Your claim contained a contracted sale-purchase agreement . . . for a purchase price of $155,000,000. The sale agreement had several amendments and the July 25, 2006 [amendment] set the purchase price at $147,500,000 to reflect the consideration amount on the deed. Although the deed was recorded before the November 15, 2006 deadline as mandated by [L. 2006, c. 33] [the Division] must deny your claim because the contract sale was not fully executed on July 1, 2006[,] as provided by statute.
Wells Reit appealed this decision and filed a complaint against the Director, Division of Taxation (Director) in the Tax Court.
After both parties moved for summary judgment, the judge granted summary judgment in favor of the Director. The judge concluded that "[i]n enacting the [M]ansion [T]ax as a revenue-raising measure for general State purposes, the Legislature carved out, in N.J.S.A. 46:15-7.4, a limited exclusion from the tax for certain transactions." Wells Reit II -- 80 Park Plaza, LLC v. Dir., Div. of Tax'n, 24 N.J. Tax 98, 103 (Tax 2008). The judge found that N.J.S.A. 46:15-7.4 was "equivalent to an exemption from the tax[,] which should be construed narrowly." Ibid. Therefore, the judge construed "the phrase 'fully executed before July 1, 2006' as referring to a contract signed on or before June 30, 2006, none of the essential terms of which was amended in a material respect on or after July 1, 2006."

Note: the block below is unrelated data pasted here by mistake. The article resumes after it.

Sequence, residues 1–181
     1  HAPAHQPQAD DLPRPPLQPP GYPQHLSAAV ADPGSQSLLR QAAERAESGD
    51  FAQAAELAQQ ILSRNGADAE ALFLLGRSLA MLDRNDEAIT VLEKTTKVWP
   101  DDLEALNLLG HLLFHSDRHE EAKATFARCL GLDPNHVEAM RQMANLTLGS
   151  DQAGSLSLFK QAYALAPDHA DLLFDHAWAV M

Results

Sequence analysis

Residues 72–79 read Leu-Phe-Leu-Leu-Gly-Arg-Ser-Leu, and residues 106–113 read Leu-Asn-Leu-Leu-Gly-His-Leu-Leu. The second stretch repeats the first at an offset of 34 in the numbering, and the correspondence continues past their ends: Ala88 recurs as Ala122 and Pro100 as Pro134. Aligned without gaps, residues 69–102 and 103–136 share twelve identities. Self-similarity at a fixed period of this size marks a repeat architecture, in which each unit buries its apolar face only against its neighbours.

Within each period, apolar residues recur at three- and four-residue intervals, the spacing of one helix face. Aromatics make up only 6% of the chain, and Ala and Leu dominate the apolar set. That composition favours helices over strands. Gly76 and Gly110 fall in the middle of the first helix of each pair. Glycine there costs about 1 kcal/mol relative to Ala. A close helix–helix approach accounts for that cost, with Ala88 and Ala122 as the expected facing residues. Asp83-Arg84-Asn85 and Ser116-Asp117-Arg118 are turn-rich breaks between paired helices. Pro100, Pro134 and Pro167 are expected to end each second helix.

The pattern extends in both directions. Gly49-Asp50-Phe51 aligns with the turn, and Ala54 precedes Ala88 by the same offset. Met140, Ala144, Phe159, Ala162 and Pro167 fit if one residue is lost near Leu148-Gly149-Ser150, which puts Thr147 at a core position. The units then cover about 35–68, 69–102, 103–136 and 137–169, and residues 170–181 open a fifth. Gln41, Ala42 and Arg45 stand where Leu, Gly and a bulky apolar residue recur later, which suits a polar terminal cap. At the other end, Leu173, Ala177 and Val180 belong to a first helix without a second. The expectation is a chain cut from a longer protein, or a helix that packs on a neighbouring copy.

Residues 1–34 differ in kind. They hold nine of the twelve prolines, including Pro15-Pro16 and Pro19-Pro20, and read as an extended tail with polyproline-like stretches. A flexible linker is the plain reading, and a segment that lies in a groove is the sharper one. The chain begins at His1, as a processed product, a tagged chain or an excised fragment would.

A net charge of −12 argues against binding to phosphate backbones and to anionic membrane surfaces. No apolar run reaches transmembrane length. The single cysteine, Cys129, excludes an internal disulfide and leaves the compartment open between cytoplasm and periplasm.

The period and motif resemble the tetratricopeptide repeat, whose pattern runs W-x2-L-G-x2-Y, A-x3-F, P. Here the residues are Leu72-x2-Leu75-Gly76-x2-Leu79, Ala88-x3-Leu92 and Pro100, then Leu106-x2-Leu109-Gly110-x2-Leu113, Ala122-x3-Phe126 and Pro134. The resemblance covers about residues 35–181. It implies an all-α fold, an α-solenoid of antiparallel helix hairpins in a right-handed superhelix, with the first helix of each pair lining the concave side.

Id. at 103-04. Therefore, the Director's motion for summary judgment was granted, Wells Reit's motion was denied, and the complaint was dismissed. Id. at 104. Wells Reit appealed.
Chicago Five Portfolio, Inc. (Chicago Five)